Console.Warren() Podcast
Console.Warren() Podcast
#15 The Double Slit Experiment

#15 The Double Slit Experiment

Last week we talked about quantum computing, which got me thinking about quantum mechanics. Now, I am not a physicist and I don’t claim to have a deep understanding of physics and the math behind it, I’m just a coder who enjoys reading about paradoxical and interesting concepts. So, that being said, today let’s talk about the double slit experiment.

The double slit experiment is a famous experiment that shows the dual nature of particles. What does that mean?

Pretend there is a box and on one side of the box, we cut two rectangular slits or holes on top of each other. On the other side of the box on the inside, across from these slits, there is a sticky screen that can capture what comes through the slits.

Now think about if we shot a bunch of tiny marbles through the slits. What we would expect is that the marbles on the screen would form two bands as some of the marbles go through the top slit while others go through the bottom slit.

Now let’s say we have a gun that can shoot light particles, and we fire a bunch of them at the slits. What will the inside of the box look like? Because light is a wave, alternating light and dark bands from the top to bottom of the screen form; the whole screen would look like an Excel spreadsheet where each row would be light, dark, light dark, etc. This is because as the waves go through the slits, they spread out, think of it like a radio wave, some spots cancel each other out as the wave expands and you end up with an interference pattern, what looks like a stripe pattern up and down the screen.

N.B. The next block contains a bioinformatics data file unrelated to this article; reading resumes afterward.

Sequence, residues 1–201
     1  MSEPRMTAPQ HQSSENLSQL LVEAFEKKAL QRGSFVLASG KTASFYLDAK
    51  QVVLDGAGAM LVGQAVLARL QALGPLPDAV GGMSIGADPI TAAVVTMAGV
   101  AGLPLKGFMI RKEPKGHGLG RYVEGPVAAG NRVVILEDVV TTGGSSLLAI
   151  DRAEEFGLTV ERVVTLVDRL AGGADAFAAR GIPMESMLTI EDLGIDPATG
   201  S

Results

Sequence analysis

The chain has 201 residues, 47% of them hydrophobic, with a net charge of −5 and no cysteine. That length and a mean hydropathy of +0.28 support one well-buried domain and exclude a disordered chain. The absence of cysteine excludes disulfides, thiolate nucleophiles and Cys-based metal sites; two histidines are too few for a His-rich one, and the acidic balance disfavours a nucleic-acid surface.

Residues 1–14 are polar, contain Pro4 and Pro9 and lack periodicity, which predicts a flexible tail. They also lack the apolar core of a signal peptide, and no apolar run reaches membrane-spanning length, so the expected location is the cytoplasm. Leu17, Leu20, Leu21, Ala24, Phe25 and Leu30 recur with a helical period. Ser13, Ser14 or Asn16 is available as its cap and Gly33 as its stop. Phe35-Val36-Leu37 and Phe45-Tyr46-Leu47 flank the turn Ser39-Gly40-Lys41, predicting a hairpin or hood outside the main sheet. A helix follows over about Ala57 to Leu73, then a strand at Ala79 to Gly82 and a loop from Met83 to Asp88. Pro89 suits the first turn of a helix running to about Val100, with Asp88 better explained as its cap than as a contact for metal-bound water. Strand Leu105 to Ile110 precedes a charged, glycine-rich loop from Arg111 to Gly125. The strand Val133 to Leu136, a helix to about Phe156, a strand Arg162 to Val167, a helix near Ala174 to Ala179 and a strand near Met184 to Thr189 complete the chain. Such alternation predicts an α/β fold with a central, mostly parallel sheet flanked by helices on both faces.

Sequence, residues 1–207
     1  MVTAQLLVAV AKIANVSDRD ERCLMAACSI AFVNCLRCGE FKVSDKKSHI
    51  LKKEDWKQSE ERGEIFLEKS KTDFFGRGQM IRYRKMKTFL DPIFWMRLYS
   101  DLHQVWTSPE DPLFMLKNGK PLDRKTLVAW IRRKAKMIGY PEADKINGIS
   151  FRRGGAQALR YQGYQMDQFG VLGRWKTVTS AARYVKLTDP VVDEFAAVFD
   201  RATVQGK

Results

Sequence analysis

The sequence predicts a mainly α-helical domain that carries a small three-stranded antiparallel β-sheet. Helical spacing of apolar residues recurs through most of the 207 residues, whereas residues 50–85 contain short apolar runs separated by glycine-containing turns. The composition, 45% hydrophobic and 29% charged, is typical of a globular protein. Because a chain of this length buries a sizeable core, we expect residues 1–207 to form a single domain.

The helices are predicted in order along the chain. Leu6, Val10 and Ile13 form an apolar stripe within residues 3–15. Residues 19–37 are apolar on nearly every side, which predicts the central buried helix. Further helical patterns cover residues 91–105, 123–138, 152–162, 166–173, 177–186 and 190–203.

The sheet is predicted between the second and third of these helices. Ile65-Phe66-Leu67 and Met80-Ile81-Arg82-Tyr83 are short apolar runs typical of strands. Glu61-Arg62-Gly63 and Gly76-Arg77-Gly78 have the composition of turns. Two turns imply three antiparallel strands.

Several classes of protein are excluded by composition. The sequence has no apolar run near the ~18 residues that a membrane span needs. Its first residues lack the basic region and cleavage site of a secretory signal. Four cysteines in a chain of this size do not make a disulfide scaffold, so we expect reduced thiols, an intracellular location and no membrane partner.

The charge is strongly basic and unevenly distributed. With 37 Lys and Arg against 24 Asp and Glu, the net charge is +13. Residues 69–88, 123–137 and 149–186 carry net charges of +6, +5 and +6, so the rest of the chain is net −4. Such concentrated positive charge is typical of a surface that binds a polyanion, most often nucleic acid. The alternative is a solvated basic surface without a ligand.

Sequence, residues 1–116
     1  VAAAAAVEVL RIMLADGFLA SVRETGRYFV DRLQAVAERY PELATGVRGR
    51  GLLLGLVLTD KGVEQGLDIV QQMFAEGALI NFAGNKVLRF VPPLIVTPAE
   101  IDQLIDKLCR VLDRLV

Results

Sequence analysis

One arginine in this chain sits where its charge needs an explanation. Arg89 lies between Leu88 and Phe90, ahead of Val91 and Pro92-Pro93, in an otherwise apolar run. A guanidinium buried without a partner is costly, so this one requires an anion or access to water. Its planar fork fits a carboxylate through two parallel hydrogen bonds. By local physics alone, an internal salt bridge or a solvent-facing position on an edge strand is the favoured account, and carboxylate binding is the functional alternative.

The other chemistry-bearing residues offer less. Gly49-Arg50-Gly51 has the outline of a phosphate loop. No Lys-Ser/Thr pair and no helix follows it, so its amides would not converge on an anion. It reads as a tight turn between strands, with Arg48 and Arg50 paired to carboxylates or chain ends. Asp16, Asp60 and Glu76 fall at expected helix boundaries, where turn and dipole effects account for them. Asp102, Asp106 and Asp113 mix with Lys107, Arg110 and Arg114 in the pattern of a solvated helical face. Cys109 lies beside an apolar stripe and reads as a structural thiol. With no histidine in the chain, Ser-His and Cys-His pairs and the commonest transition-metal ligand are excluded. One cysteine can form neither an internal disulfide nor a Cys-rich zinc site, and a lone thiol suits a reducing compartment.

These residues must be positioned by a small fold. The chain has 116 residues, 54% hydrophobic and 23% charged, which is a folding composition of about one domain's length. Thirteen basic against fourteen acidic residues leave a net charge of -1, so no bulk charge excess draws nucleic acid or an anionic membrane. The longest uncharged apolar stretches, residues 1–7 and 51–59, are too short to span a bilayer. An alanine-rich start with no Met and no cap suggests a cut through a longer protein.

Now let’s go back and do this with the marbles, or particles. Here’s where things get a little strange. We don’t end up with two bands on the screen. We end up with the same stripe or interference pattern that we got with the light particles. Even if we shoot the marbles in one at a time, they will eventually arrange themselves in this stripe pattern, not the two-band pattern we would expect. This suggests that the particles go through both slits at the same time, like a wave. But how can this be?

To find out why, we cut a tiny hole in the box so we could peek in and see what was happening during the experiment. This is where things get very strange. When we ran the experiment while observing, the particles, (our marbles), ended up on the screen in the two-band pattern, the pattern we would have originally expected. Essentially, when we watch them, the particles behave differently.

If we close the spy hole and run the experiment again, we will see that the marbles will go back to the multi-striped interference pattern where they are behaving again like waves.

The double slit experiment shows that particles like electrons and photons (light particles) have properties of both waves and particles, depending on how you measure or observe them. This dual nature is one of the core concepts in quantum mechanics, illustrating that at a fundamental level, nature doesn't always behave in ways that align with our everyday intuition.

In conclusion, in classical physics, we understand particles and waves like we would a baseball versus a sound wave. But when we go down to the quantum level, this understanding of the world breaks down, and particles start to play by a different set of rules altogether. It wouldn’t even be correct to describe them as particles and waves at this level, and they seem to change based on how they are being measured. Nobody understands why this behavior occurs. It’s all very confusing and fascinating at the same time.

Console.Warren() Podcast
Console.Warren() Podcast
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